The most important finding of the present study was that EFM in an ankle-mobile orthosis versus conventional lower limb plaster cast followed by ankle-stable orthosis immobilization after ATR surgery does not significantly reduce the incidence of DVT. Additionally, three independent risk factors of DVT during limb immobilization were established: age, BMI > 26, and ≤ 50% of weightbearing in the EFM group. According to the novel findings of this study, it can, therefore, be suggested that for prevention of DVT, patients should attain to load half their bodyweight on their lower limb 1 week after surgery.

EFM, i.e. early weightbearing and ankle motion, has increased in popularity and shown greater patient satisfaction compared to conventional leg immobilization in ATR patients [3, 12, 17, 18]. EFM has also been speculated to decrease the risk of DVT, however, without preexisting evidence. The primary aim of this trial was to assess the efficacy of EFM to reduce the DVT incidence after ATR surgery, at 2 and 6 weeks postoperatively. The main findings of no difference in the risk of DVT, neither at 2 nor at 6 weeks, between EFM and conventional leg immobilization suggest that further developed EFM or other means of DVT prevention should be pursued. Furthermore, the high overall risk of DVT, 37%, at 2 and 6 weeks found in this study confirms data from earlier studies [4, 15] and highlights the need of novel DVT preventive interventions in ATR patients [7].

The similar DVT incidence in the two groups at 2 weeks postoperatively, at around 30%, was unexpected given that the EFM group had the possibility to bear weight and move their ankle while the control group was immobilized in a plaster cast. Our finding that the patients in EFM group reported relatively low load in the orthosis, 25–60%, during the first 2 weeks may be one explanatory factor for the ineffectiveness of EFM to reduce the risk of DVT. This conclusion is supported by the demonstration that venous blood flow is reduced during only partial weightbearing [5].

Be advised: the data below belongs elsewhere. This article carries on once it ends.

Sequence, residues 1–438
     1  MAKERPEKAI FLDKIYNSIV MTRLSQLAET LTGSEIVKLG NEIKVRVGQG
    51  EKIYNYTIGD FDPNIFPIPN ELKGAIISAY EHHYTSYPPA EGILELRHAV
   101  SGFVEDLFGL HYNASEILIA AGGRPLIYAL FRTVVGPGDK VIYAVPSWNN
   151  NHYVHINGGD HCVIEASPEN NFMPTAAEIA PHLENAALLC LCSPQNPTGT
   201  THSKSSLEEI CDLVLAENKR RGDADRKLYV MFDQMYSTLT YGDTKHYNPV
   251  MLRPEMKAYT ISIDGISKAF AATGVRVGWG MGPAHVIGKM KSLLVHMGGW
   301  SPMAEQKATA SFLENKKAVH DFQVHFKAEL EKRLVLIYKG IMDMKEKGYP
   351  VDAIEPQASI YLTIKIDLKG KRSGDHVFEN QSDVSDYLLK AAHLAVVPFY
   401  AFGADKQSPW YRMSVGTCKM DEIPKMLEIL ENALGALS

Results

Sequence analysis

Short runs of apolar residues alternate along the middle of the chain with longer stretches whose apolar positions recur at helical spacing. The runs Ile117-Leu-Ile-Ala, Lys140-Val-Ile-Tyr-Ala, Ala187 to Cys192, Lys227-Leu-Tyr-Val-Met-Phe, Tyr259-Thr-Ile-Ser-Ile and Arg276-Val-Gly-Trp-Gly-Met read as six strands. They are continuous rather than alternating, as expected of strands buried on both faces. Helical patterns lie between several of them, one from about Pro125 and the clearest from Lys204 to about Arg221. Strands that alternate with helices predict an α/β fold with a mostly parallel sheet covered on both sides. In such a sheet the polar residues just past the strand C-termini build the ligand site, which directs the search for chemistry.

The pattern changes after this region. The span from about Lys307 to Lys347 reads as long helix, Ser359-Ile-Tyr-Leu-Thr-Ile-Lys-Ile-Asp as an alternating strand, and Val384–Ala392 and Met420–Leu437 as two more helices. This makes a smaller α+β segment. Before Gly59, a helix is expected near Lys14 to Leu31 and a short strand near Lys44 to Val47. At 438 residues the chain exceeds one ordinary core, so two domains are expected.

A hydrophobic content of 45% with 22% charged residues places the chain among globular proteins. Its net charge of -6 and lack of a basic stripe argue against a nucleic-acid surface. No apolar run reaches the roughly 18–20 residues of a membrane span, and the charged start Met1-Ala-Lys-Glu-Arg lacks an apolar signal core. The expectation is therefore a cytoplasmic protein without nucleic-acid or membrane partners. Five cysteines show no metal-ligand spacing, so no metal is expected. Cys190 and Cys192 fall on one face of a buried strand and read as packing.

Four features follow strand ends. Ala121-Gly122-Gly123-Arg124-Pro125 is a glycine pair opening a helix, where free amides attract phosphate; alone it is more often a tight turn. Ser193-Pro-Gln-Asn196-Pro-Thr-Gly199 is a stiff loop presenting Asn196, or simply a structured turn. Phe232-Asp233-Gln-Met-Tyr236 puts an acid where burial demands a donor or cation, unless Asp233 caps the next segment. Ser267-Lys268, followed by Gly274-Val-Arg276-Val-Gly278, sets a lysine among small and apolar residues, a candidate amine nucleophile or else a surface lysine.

The non-significant difference in DVT incidence at 6 weeks was more expected since both groups were allowed weightbearing in an orthosis. The EFM group was, however, allowed partial ankle motion within the orthosis, which was not the case in the control group. An earlier study has demonstrated that ankle movements during patient lower limb immobilization increases venous return [9]. Our findings, however, suggest that allowing ankle motion within an orthosis is not enough to reduce the risk of DVT, at least when patients are partially weightbearing.

The second main finding of this study pertains to the low amount of weightbearing in the EFM group and that patients who loaded their injured limb less than 50% at the end of week 1, exhibited 4.3 higher odds in the risk of developing a DVT before 2 weeks. The finding is in agreement with data demonstrating increased venous return during more than 50% of weightbearing [5].

Notably, the amount of weightbearing was an independent risk factor for sustaining a DVT. Therefore, the results of this study would seem to suggest that specific recommendations on the amount of weightbearing should be delivered to patients receiving EFM. Whether such advice to leg immobilized patients would be effective for the prevention of DVT warrants further studies. However, it should be mentioned that the patients in this study were informed to weight bear as tolerated and that loading their injured leg directly in the orthosis was safe.

This study also sought to examine whether specific risk factors, which therapists can have an influence on, were related to less amount of weightbearing. The patients’ experience of pain was related to the degree of loading. This observation suggests that adequate pain control to achieve at least 50% of loading at the end of week 1 could be a strategy in the rehabilitation plan to potentially lower the risk of DVT. Our present data could, however, not verify that pain was correlated to the incidence of DVT.

Interestingly, when examining risk factors for DVT, it was found that the number of daily steps taken did not correlate with the incidence of DVT. This observation suggests that the number of daily steps taken does not influence the venous blood flow, but rather the amount of loading. Therefore, postoperative pain medication and patient recommendations should focus on weightbearing instead of long walks.